More than 1,000,000 persons saw
the demonstration, the first joint dis-
play of military might by the two
powers since the World War. It was
reviewed by President Lebrun, Dala-
dier, British War Secretary Leslie
Hore-Belisha and the chiefs of staff
of the army, navy and air forces of
both countries.
Mrs. James Roosevelt, mother of
President Roosevelt, was among Le-
brun's guests.
Daladier spoke later in a downpour
in the amphitheatre of the Trocadero
Palace on the banks of the Seine at a
solemn evening ceremony uniting the
empire in celebration of the revolu-
tion which began in Paris 150 years
ago today with the fall of the Bas-
Physics Department
Plans Picnic Today
Nobel Prize winners, professors and
graduate students will forget all about
seeking the mysteries of the elusive
atoms in the quest for fun and frolic
at the annual physics picnic at Por-
tage Lake this afternoon.
Groups in private cars will leave
the Physics Building at 2:30 p.m. and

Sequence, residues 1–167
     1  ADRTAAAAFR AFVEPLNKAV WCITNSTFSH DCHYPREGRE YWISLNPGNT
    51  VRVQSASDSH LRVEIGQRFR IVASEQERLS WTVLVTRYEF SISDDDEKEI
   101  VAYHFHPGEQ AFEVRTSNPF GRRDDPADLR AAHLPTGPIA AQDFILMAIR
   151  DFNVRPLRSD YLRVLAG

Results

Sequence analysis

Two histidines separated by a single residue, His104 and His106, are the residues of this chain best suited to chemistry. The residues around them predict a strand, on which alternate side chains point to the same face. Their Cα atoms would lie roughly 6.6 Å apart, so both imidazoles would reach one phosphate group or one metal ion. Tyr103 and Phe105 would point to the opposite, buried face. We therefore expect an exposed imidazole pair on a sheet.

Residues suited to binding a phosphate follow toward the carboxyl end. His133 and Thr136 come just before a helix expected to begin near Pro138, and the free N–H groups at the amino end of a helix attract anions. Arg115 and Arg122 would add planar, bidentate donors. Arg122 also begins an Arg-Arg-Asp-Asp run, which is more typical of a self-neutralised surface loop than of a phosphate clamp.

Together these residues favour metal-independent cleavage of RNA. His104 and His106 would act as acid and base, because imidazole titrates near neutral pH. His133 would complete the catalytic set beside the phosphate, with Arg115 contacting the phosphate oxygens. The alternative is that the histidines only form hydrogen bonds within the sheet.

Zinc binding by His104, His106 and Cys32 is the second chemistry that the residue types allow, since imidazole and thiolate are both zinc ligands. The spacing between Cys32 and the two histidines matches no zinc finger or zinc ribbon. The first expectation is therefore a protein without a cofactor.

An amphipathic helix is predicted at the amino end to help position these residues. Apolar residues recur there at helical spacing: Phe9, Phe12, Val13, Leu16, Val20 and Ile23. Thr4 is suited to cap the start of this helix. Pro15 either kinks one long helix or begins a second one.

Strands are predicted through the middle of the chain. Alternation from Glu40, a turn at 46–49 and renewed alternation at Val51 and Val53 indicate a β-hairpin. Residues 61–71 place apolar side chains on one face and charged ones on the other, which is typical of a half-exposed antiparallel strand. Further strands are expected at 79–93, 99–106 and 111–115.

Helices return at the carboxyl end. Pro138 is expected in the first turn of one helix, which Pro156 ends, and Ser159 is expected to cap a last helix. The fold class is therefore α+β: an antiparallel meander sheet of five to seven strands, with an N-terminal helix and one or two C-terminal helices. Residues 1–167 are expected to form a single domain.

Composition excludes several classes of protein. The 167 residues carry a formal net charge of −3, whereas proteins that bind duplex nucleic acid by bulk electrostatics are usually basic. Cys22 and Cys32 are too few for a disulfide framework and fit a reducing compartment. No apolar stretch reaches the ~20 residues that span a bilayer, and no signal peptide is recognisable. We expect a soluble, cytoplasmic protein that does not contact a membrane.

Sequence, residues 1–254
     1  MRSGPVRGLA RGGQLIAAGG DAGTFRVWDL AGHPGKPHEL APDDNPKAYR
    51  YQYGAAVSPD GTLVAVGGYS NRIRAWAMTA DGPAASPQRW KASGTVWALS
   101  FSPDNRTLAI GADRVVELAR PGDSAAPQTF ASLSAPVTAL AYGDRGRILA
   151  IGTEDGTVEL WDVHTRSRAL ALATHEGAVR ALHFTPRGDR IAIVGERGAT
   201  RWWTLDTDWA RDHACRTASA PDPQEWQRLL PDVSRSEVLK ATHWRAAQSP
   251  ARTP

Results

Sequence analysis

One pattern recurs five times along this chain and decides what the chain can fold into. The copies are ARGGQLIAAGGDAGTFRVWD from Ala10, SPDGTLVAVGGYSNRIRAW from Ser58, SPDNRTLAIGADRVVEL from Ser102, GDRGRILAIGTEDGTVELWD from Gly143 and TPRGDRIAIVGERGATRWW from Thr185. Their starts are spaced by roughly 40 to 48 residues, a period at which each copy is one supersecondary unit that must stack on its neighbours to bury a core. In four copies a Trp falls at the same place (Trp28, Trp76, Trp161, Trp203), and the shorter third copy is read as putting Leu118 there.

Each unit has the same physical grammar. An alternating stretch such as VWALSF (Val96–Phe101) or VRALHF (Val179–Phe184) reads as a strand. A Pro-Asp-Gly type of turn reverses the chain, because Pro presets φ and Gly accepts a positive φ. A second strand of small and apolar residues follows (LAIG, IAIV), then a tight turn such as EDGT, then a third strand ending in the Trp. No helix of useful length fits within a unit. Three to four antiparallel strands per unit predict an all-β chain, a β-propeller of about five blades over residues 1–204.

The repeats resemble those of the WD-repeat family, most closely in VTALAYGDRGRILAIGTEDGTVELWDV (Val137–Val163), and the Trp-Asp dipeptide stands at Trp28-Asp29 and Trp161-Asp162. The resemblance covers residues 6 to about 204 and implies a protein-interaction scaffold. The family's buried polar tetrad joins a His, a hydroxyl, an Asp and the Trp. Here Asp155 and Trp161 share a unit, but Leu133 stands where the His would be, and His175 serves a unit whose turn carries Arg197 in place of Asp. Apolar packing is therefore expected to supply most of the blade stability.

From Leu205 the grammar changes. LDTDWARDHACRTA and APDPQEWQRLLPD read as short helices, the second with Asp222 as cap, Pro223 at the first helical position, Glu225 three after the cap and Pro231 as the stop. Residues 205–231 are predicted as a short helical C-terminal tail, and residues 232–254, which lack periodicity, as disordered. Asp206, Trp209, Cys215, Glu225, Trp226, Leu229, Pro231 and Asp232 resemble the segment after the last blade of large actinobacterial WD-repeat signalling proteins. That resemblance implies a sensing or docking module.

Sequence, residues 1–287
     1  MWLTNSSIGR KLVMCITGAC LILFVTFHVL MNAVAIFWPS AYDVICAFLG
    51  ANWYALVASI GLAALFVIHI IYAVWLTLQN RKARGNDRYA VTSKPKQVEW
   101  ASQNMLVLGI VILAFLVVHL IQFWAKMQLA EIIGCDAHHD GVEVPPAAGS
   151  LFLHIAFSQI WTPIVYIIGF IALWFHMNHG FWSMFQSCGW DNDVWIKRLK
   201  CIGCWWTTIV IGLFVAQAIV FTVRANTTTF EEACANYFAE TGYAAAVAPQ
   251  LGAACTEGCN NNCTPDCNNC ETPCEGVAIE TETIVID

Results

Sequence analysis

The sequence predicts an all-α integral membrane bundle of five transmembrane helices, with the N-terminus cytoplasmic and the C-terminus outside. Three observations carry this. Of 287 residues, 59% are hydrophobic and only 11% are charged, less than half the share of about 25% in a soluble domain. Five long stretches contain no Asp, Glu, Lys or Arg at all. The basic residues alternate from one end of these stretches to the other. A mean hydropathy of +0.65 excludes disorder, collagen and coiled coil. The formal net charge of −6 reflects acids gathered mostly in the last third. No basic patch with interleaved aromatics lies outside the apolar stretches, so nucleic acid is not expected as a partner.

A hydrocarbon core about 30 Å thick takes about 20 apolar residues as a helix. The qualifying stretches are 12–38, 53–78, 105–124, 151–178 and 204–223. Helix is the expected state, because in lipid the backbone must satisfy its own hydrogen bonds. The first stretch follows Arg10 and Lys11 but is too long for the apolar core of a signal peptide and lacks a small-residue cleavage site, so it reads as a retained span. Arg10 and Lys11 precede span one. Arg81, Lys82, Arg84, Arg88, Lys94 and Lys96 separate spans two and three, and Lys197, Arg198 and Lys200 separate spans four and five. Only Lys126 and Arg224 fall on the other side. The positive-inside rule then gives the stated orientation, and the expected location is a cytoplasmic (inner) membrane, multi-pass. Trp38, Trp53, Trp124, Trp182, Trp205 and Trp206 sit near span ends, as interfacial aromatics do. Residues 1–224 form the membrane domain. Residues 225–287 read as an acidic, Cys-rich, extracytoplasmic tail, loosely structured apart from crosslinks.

drive out in time for a fast game of
baseball before going swimming at 4
p.m. A welcome feast of the usual
calories and ants will provide a fit-
ting conclusion to the afternoon's

Roosevelt And Hull Appeal
To Congress To Scrap
Neutality Law Clause
Fear Fully Armed
WASHINGON, June 14.-{)-
President Roosevelt andSecretary of
State Hull, in a joint appeal to a
rebellious Congress, urged today that
the arms embargo in the neutrality
law be scrapied forthwith lest it
tempt nations already fully armed to
plunge the world into war.
They did not mention the Rome-
Berlin axis by name, but they as-
serted that the embargo clause "plays
into the hands of those nations
which have taken the lead in build-
ing up their fighting power."
The Senate, including numerous
members of its "isolationist" bloc-
who a few days ago locked the admin-
istration's new neutrality legislaton
up in the foreign relations commit-
tee until next session-'listened
thoughtfully as the message was in-
toned with many oratorical flourishes
by John Crocket, the Senate's frock-
coated reading clerk.
Message Applaued
Administration leaders in the
chamber applauded the message, but
looked helplessly at the situation in
the committee and were not optimis-
tic of extricating the legislation from